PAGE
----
How to overcome it
Whilst wearing the masks, for now, is non-negotiable, there are some tips to help incorporate them more easily into our everyday lives. Firstly, get a mask that fits well. Some of the one-size-fits-all options may not be ideal, and especially if you're worried about your senses being impaired. So, spending a little more on a custom-made option that can be re-used, may be more advantageous. There are now masks available which include nose wires, adjustable elastic toggles, or lighter, softer or more natural fabrics. Also, clear masks may also be an option for people who really rely on lip-reading techniques, in order to communicate effectively.
Next, let's think about other factors that could be potentially adding to the problem. Simple techniques such as tying long hair back could help to limit any infringements on your sight or hearing and more importantly, put your mind at rest.
Finally, you could try making more of an effort to communicate effectively when your mask is off. Now, more than ever, we need to think outside the box in terms of how we communicate. Make the effort to pick up the phone more, or if you're on a video call, don't shy away from the camera in order to benefit from a little, although digital, social interaction!
3. Heightened anxiety
With everything going on, stress and anxiety seem to be at an all-time high for many of us. However, for some, wearing a mask whilst out and about and trying to get on with their day, can risk tipping them over the edge. It can risk taking us out of our comfort zone and adding to an already surreal situation.
Again, much of this can be due to the impact on our sight, sound or picking up on visual clues, as mentioned above, but it can also leave us feeling a little claustrophobic, having that material covering your nose and mouth, which for some, will only add to the unease.
How to overcome it
If you ever feel yourself rising into a state of panic, the main aim is to get you back down to 'green' – your more relaxed headspace. Breathing deeply, with particular emphasis on long exhales is one quick and easy way to help achieve this, as well as perhaps taking a dose of a quick-acting herbal tincture, such as Stress Relief Daytime drops.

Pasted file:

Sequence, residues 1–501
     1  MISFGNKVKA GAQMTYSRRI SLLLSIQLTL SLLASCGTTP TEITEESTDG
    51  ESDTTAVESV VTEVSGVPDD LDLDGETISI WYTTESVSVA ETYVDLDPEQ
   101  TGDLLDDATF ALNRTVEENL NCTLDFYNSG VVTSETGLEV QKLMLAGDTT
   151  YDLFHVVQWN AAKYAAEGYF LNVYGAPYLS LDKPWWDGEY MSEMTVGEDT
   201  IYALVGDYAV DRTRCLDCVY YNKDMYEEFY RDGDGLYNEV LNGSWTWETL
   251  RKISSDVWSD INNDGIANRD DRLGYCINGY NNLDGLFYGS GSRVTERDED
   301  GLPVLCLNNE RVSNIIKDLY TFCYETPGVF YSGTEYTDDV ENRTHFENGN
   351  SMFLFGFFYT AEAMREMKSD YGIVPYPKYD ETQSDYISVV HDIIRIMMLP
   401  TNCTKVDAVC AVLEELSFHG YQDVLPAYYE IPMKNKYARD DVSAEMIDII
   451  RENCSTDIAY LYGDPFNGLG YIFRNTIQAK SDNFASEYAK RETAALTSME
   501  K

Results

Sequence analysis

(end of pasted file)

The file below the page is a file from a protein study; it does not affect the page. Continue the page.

Nowadays, as we risk being thrown into these states more often, we may also have to think a little outside the box, in order to help get us back to feeling relaxed. Watch for another anxiety-busting technique in my latest self-care video below:
My Self-Care Tip: The 5-4-3-2-1 coping technique for anxiety
Here I run through a quick and easy technique to help ward off anxiety, and get you back to your happy place!
Please note, if your symptoms persist, you should always seek advice from your doctor.
4. Spotty outbreaks
The continual wearing of masks has also created another problem for many, and this is new-found skin flare-ups, something many people may not have experienced for some years!
Wearing a mask in close proximity to your face can not only aggravate the skin and cause irritation, but it can also harbour bacteria, making spotty plukes more likely to rear their ugly head, quite literally!
How to overcome it
First of all, when it comes to the masks themselves, opt for a reusable cotton or silk mask which can be washed daily, rather than disposable masks made from more synthetic materials. Wired or more structured masks may also help to create a little breathing space between the material itself and your skin.
Next, be sure to de-mask as soon as possible, rather than forgetting and wearing masks, unnecessarily, for longer periods of time. This will allow your skin to become exposed to fresh air quicker, rather than the humid confines of your mask.
Finally, more of a focus on skincare may be beneficial. Get into a better skincare routine, aiming to cleanse and moisturise your skin daily, and be sure to limit the use of any harsh chemicals to help prevent aggravating your more sensitive skin any further.